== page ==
Divine Law

Eden Haddad

She doesn’t know me.

The street was bustling with life, not at all resembling my world crashing down upon me from one single revelation. She turns, a still figure in the people going to and fro, and waits for me to catch up as I stand with my feet melded to the ground.

She doesn’t know me.

The thought reverberated through my skull over and over until the words ceased to make sense. Until every thread that made up the tapestry before me unraveled along with every single thing that threaded me together, made me what I am – and in that moment, I hated her. I hated her in a way you can only ever hate someone you love.

Sometimes I think it would be easier if she died. I wouldn’t have to feel so bad; I wouldn’t have to face this. I would play the mourning daughter with such grace and sadness and go to my grave hiding that bundle of relief away from the world. But then she smiles, laughs and jokes and plays along and I think “I never want this to end. Stay with me, mom. Don’t leave.

Keep me from myself, mom.

Don’t make me exist outside of this moment.


I was always afraid – even when I wasn’t. A hesitation lingered in the back of my mind, a step never to be taken, words never to be spoken. A small box where I shove and smash in all things even the box can’t fit anymore. Cracks appear on the burgeoning box, but I maintain my resolve and keep filling it until one day, it’ll turn into a black hole, maybe, I hope. My brother is a familiar stranger, the only words to pass his lips are ones from forced discomfort. Questions my mother made him ask as he walks in the rooms of our house like a landlord might. My father is similar, domineering but only as a facade to hide an interior that can never be filled. The times I see him, brief as they are, can be played like different takes of the same scene. If my brother was a what if, a question of what I might have had, my father was a fixed point. He’ll never change, not by the force of the world, but he’ll go to his grave convincing himself and everyone else that he had.

My mother…what can I say about my mother? Womanhood looks good on no one, the shackles tightening as you grow – I know as I feel them now. There is so much hate for her, so much love. She is not a what if, nor a fixed point. She is both and neither. She showed me the world and ripped it away from me the second I held it close to my chest, cradling it like I would my child. A part of me is thankful though, by taking the world away from me she showed me the world. I love her. I hate myself. So many lies, so many hurts, all understandable, none vanishing. I wish, I yearn, I cry, it never goes anyway. She never goes anyway.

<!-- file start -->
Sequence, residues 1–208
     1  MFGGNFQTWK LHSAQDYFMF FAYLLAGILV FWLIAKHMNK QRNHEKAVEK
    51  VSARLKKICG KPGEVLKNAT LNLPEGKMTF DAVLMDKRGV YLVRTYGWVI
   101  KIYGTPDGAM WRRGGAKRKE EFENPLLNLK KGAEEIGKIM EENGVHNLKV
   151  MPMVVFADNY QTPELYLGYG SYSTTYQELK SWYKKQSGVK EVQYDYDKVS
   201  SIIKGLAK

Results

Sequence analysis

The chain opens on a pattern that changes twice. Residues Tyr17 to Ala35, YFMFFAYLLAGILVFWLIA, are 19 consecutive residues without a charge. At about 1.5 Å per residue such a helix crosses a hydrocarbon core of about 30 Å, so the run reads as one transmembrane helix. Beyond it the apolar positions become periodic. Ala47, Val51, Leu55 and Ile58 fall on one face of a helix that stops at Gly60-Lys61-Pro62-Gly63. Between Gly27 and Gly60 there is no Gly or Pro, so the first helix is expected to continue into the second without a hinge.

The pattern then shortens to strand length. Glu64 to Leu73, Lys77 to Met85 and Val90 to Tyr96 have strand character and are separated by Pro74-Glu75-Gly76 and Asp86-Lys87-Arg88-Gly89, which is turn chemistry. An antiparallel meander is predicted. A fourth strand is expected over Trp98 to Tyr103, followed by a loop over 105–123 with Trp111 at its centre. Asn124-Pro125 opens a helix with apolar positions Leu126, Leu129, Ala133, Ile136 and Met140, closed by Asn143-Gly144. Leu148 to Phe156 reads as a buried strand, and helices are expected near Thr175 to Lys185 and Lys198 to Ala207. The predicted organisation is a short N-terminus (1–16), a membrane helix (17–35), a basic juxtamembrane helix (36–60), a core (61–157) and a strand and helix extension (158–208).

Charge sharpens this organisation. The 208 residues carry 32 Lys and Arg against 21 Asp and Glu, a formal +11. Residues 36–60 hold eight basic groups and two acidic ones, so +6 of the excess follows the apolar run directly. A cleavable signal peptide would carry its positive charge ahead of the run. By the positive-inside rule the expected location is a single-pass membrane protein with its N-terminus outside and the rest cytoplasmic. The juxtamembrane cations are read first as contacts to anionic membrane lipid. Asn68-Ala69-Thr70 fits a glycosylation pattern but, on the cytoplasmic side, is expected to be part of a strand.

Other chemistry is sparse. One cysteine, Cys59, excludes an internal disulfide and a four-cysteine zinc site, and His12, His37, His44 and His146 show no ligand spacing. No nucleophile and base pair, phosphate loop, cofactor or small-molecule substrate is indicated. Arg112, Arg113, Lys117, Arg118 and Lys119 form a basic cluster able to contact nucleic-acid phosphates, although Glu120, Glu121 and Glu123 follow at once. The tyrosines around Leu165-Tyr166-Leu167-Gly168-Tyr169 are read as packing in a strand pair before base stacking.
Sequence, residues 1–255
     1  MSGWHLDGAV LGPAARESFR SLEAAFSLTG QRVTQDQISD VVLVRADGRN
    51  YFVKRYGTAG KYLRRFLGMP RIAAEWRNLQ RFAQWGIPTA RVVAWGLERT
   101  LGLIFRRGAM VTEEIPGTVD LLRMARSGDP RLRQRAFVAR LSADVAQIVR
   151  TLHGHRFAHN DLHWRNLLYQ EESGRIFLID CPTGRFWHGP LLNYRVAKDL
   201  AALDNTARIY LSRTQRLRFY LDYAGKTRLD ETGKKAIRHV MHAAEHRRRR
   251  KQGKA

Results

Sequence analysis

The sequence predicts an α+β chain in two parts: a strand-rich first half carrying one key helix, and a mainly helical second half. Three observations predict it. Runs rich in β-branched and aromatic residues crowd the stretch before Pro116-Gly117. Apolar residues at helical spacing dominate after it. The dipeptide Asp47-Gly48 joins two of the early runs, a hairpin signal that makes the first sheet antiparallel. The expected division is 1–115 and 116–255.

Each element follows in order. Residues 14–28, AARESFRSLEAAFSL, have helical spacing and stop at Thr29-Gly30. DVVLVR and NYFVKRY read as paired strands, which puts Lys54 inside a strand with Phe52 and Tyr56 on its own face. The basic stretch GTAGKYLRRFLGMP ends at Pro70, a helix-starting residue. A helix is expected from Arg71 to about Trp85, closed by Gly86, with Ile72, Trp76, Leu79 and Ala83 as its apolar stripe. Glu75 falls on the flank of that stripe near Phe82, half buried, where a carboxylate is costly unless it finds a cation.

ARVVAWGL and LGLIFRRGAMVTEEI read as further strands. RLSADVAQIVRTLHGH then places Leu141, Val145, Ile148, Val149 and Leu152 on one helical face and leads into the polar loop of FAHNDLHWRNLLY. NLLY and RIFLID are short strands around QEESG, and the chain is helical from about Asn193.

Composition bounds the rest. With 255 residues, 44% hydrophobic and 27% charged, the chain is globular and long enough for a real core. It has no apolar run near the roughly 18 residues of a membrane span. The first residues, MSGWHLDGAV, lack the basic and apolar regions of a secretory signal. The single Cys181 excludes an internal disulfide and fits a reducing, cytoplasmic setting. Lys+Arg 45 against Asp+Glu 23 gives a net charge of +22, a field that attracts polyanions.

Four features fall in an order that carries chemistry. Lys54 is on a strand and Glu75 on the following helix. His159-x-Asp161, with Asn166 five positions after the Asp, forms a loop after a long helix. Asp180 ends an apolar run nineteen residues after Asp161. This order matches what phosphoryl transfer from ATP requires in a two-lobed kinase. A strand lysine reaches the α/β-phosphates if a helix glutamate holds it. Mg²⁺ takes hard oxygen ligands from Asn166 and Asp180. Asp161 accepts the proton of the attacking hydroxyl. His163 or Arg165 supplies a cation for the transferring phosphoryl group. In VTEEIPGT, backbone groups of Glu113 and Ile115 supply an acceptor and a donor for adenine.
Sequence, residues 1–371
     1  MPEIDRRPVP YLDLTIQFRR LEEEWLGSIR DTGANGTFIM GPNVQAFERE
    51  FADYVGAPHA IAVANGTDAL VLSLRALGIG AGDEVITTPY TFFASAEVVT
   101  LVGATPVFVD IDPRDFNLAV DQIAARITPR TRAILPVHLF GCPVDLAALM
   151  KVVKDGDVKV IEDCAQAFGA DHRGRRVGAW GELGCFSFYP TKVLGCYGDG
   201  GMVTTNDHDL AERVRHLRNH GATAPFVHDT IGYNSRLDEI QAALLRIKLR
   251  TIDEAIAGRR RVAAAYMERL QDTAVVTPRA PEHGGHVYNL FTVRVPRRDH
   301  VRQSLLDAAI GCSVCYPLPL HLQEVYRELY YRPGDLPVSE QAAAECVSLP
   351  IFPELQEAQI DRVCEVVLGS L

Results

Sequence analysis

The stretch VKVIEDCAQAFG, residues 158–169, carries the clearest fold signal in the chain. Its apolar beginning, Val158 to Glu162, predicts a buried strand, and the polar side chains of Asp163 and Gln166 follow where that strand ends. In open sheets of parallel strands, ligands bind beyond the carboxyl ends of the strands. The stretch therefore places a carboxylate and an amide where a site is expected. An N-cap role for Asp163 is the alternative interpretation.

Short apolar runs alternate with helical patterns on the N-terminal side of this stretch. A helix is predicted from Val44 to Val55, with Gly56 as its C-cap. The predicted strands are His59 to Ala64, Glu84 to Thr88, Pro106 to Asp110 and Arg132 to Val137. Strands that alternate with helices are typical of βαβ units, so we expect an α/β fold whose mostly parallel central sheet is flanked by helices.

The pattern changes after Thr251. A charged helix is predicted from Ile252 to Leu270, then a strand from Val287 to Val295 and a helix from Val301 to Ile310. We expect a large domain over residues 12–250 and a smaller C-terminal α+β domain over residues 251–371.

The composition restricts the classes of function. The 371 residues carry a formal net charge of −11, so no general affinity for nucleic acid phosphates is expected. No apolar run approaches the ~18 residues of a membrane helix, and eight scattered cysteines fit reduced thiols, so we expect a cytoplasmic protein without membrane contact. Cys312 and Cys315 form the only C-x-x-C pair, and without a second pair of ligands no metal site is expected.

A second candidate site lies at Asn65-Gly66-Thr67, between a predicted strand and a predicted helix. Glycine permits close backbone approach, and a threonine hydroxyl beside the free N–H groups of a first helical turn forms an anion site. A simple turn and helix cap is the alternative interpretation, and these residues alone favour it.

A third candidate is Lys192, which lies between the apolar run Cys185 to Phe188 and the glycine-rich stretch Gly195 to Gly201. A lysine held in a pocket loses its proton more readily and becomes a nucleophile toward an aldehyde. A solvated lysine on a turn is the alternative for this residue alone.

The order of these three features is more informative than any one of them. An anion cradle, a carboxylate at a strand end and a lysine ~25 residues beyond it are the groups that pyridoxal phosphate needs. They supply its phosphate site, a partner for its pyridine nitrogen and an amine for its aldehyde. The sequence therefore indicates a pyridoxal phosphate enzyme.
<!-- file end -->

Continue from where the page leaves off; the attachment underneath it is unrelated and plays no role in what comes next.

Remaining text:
A daughter and her mother – we were never given a chance, I think. As my blood streams down my arm, I wonder how I got here from the stories I used to read as a child. Of unconditional love, of warmth and heart. Now I am numb and my heart is as the stone of the table I am bound to and all I wish is for my family to be. All I wish is to exist simply and not fight and lose against this ravenous beast that has me stuck in its teeth. I am afraid of you, my mother, afraid of your stinging hand and the shrieking pitch of your voice. Afraid of your soft eyes and the loving stroke of your hand down my back as you envelop me and I feel like I am home. I am home and my house is falling down around me as I try to cling to its pillars. Nothing but heat reaching me, burning me from within, or perhaps from the outside in  – I can no longer tell. All I feel is fear and desperation. Longing and anger. Hope and exhaustion. All I am is your daughter.

Her eyes burned as though staring at the sun. She might as well have been, given the glare of the bright white light reflecting on the stainless steel. She moved methodically, turning on her heels, so the loupes on her eyes stared at the selection before her with consideration. The right instrument must be picked.